SMH today leads with the Frank Lowy story, which is good to see. The Herald has been on the story for a while:
The Herald reported in 1995 that Lowy had paid $25 million to settle a dispute with the Tax Office involving Yelnarf in May that year, a month before he was appointed to the board of the Reserve Bank, where he served for a decade.A month later, Lowy was appointed to the Reserve Bank Board anyway. And I am still waiting to see which Israeli "charities" were the lucky beneficiaries of this Australian taxpayer money. It'll also be interesting to see if Peter Lowy has anything to say to the US Senate next week: he's had a year to prepare his story, but others in the chair this week invoked the Fifth (nice to see one quaint old US law still survives).
Federal Parliament was told in October 1995 that Yelnarf was involved in a dispute with the Tax Office over $48 million relating to the 1987 and 1988 tax years.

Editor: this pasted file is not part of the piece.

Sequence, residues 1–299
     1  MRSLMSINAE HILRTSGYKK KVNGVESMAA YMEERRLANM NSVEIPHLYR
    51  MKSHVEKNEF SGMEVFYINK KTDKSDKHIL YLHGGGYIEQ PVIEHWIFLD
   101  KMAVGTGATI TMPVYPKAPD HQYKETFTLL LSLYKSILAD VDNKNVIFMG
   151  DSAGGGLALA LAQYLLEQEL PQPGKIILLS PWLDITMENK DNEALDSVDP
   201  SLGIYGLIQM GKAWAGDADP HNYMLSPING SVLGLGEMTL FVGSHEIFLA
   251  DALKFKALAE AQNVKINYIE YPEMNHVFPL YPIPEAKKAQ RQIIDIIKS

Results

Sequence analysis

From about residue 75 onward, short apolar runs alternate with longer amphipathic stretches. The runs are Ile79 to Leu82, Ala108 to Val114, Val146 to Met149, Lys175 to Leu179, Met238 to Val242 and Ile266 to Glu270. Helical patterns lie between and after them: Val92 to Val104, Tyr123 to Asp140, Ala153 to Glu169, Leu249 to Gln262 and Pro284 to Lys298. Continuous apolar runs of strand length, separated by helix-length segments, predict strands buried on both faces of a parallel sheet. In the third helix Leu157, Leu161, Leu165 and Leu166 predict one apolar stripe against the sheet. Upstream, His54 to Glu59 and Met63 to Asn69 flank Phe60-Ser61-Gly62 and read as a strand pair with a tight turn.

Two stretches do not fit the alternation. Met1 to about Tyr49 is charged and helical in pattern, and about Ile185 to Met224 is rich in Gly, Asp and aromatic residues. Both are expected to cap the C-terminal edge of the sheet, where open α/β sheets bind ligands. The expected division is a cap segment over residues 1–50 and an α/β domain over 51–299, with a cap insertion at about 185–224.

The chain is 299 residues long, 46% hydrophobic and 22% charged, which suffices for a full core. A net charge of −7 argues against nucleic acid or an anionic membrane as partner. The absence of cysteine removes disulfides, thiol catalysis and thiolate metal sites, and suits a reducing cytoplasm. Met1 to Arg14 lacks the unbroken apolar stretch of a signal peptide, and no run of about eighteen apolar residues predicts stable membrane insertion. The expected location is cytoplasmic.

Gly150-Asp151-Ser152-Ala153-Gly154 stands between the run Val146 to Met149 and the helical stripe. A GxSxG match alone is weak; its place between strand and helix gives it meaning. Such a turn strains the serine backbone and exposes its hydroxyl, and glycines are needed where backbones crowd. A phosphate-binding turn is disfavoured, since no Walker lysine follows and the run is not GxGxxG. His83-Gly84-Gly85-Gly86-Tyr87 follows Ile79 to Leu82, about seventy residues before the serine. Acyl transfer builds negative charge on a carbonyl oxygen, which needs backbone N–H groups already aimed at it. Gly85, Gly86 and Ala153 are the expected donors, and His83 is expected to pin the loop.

Ken Aldred, who was then an Opposition backbencher, said Frank Lowy had told an Administrative Appeals Tribunal hearing that the money was a capital injection from "unknown international sources".
"How lucky can you get?" Aldred said. "A settlement was reached only a few days after the AAT hearing. Why? If the money paid to Mr Lowy was from 'unknown international sources', as he claimed, why was he willing to pay $20 million if it was not his money?
"Can anyone seriously believe that 'unknown international sources' based in the tax haven of Liechtenstein would provide Lowy with $47.8 million?"
The Sydney tax barrister Michael Inglis stayed up overnight on Thursday to watch the "historic" Senate committee hearings. "This is not just the wheel turning, it's not just the tipping point, it's not just a sea change, I think this is in the realms of a seismic shock."Well, at least somebody is paying attention.
Meanwhile, I just realised that the funeral for SAS Signaller Sean McCarthy, who died in Afghanistan recently, was just held yesterday less than a kilometre from my place of work. Rudd, Nelson and all the other warmongers were in attendance. If only I'd known, I might have gone and paid my respects.